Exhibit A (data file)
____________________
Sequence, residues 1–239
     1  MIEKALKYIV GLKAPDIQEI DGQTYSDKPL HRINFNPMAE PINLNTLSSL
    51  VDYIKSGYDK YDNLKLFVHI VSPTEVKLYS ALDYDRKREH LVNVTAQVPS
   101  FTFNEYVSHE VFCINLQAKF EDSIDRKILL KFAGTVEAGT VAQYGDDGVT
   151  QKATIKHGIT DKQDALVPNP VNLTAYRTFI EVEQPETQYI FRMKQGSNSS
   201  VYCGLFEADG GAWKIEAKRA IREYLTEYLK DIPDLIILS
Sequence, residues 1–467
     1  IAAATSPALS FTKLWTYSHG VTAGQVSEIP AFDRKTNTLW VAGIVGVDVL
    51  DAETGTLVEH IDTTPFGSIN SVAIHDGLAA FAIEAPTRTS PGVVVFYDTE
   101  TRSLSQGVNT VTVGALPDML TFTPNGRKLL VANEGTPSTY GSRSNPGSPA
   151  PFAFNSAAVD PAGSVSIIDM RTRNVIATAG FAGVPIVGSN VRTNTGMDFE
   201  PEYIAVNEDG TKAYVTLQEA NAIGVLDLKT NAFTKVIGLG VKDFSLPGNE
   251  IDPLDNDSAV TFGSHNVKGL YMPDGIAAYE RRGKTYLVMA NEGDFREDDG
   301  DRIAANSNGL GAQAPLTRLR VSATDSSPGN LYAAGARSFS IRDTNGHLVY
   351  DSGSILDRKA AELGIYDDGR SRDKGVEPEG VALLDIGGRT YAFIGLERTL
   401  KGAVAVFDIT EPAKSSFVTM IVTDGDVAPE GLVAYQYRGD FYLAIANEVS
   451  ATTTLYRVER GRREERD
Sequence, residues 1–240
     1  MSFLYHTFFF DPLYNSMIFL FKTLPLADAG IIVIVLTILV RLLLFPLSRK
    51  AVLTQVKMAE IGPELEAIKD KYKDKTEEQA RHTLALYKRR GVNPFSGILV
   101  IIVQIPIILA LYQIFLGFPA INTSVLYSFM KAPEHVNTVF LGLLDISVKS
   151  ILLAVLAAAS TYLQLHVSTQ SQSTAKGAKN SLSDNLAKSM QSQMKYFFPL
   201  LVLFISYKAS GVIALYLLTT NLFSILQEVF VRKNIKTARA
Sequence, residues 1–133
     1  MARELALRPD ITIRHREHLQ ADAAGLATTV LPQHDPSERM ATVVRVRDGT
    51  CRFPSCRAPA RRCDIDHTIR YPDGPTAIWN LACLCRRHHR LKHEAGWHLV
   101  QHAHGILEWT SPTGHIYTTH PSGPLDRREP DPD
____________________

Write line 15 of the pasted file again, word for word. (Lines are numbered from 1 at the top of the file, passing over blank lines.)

   351  DSGSILDRKA AELGIYDDGR SRDKGVEPEG VALLDIGGRT YAFIGLERTL